Tokyo 2013 Trip Highlights: Day 2 Part1 - Meiji Shrine, Jangara Ramen, Harajuku, Tokyu Plaza, Kiddyland

This morning we started off with breakfast at the Excelsior Caffe in Shinjuku Station at the south exit. It is a coffee shop chain that has the same parent as Doutor.  It was both non-smoking and smoking, but it the non-smoking section was clear enough that it was a good experience. They had some pretty tasty scrambled egg breakfast sandwiches, pastries, and good coffee so it was a nice way to start the day.
Excelsior Cafe South Exit Ikebukuro
I don't know which train line Tokyoites use the most, but for me it has always been the Yamanote Line.  Years ago when MP3.COM still existed for free and paid downloads, I grabbed a song called "Yamanote" by Blade Ohlsson.  It was a catchy little song all about riding this iconic train line with the green striped cars.  It also turns out that there have been plenty of other fan songs about the line too.  This train line is very useful for a tourist as it passes through most areas of Tokyo that tourists want to visit.  Areas like the Skytree, Asakusa, Odaiba, and Roppongi require taking the metro, but otherwise you can get there on this train line even if it isn't the most direct way.

After breakfast we took the Yamanote Line down past Shinjuku to Harajuku Station, a very short hop.  Early in the morning there isn't a great deal open yet in the various neighbourhoods until 10 AM or 11 AM.  Malls open earlier along with the train stations.  The early AM is excellent for starting your day off at a museum, park, or temple.  Our first stop was Meiji Shrine, a Shinto shrine that is dedicated to the deified spirits of Emperor Meiji and his wife, Empress Shōken.  It is located in a large park area and is a very pleasant walk to arrive at.  Exit from the south end of Harajuku Station and walk north from the parking lot.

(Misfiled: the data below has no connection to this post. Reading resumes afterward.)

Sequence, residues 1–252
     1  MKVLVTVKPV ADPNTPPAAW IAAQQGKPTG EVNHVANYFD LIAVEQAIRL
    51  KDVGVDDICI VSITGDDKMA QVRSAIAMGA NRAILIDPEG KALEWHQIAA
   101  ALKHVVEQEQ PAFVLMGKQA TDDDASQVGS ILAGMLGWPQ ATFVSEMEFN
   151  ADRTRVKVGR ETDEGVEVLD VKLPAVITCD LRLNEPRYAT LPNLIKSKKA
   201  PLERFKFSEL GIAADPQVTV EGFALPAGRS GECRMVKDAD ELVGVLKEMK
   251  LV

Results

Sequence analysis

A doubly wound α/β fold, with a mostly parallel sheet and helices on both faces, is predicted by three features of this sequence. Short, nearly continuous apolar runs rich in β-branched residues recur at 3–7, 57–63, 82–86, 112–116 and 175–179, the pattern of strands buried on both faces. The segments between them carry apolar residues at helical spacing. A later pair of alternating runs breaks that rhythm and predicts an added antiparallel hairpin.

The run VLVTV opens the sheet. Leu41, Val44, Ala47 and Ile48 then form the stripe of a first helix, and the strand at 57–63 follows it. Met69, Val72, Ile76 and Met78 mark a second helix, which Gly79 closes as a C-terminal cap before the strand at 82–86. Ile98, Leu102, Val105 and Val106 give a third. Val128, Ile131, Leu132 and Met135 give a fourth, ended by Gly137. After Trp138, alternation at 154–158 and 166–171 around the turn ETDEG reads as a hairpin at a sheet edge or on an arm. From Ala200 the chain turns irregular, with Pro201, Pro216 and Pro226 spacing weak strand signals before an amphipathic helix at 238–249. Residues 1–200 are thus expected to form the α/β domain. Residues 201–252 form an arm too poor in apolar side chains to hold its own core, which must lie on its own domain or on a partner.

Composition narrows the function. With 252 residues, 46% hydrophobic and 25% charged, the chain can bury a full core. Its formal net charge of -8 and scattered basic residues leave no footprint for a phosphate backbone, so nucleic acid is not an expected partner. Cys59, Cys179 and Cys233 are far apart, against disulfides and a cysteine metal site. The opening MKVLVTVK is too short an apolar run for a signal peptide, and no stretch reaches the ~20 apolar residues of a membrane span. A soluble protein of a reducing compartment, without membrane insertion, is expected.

Meiji Shrine Tori Gate
Saki Barrel Offerings to the Shrine
We did a simple water purification ritual at the entrance to the shrine and made a few wishes at the temple after donating some coins in the offertory box.  You can buy all types charms and such here too.  One of the interesting things at this shrine are the large numbers of Ema plaques (wish plaques) that are placed for good luck or requests for a certain type of intervention from the shrine spirits.  I'm not a Shinto expert, but this religion believes that all things have a spirit and that some spirits are more powerful than others.  Shrines tend to be built on areas that are "powerful" and the people come to the shrine to both worship and relate to the Kami (the spirits / demi-gods / gods).  I like the concept myself and in Japanese pop culture the concept has been taken to even further to electronic devices and other material goods (not far off considering how samurai blades are treated historically).  A magical girl anime series that embodies this concept is Kamichu if you are interested.  Anyhow, be respectful, when visiting.
Main Shrine
Inner Shrine
Ema Plaques
The morning was cool and rainy and we did take a break at the bathrooms here.  Traveller's rule is to use the potty whenever you can as you never know when the next one is going to be available.  This gives me the opportunity to talk about bathrooms in Japan.  You can find their high tech, heated toilet set toilets everywhere, but you won't find hot water or hand soap which are relegated to restaurants, office buildings, and malls. SOL in the train stations, so bring hand sanitizer or those portable travel soap dispensers with the little sheets of hand soap.